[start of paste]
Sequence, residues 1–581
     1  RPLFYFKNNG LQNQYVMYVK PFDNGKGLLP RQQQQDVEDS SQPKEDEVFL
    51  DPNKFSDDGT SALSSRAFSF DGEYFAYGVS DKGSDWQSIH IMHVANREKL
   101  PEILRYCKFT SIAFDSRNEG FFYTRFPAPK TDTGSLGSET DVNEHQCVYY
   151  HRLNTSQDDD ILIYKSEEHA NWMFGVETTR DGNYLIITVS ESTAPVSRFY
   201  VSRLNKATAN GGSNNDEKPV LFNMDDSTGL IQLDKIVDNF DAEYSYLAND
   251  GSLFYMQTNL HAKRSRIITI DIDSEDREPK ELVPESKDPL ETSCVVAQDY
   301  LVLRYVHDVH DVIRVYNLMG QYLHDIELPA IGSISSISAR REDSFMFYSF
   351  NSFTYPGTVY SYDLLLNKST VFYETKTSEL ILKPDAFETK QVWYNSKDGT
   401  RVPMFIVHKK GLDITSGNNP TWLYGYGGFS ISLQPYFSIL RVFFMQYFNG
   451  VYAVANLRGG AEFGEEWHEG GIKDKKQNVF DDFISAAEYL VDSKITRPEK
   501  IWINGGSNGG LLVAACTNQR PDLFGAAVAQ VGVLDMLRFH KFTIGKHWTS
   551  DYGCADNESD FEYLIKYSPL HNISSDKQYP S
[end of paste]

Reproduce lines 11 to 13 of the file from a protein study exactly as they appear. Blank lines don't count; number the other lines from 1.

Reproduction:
   451  VYAVANLRGG AEFGEEWHEG GIKDKKQNVF DDFISAAEYL VDSKITRPEK
   501  IWINGGSNGG LLVAACTNQR PDLFGAAVAQ VGVLDMLRFH KFTIGKHWTS
   551  DYGCADNESD FEYLIKYSPL HNISSDKQYP S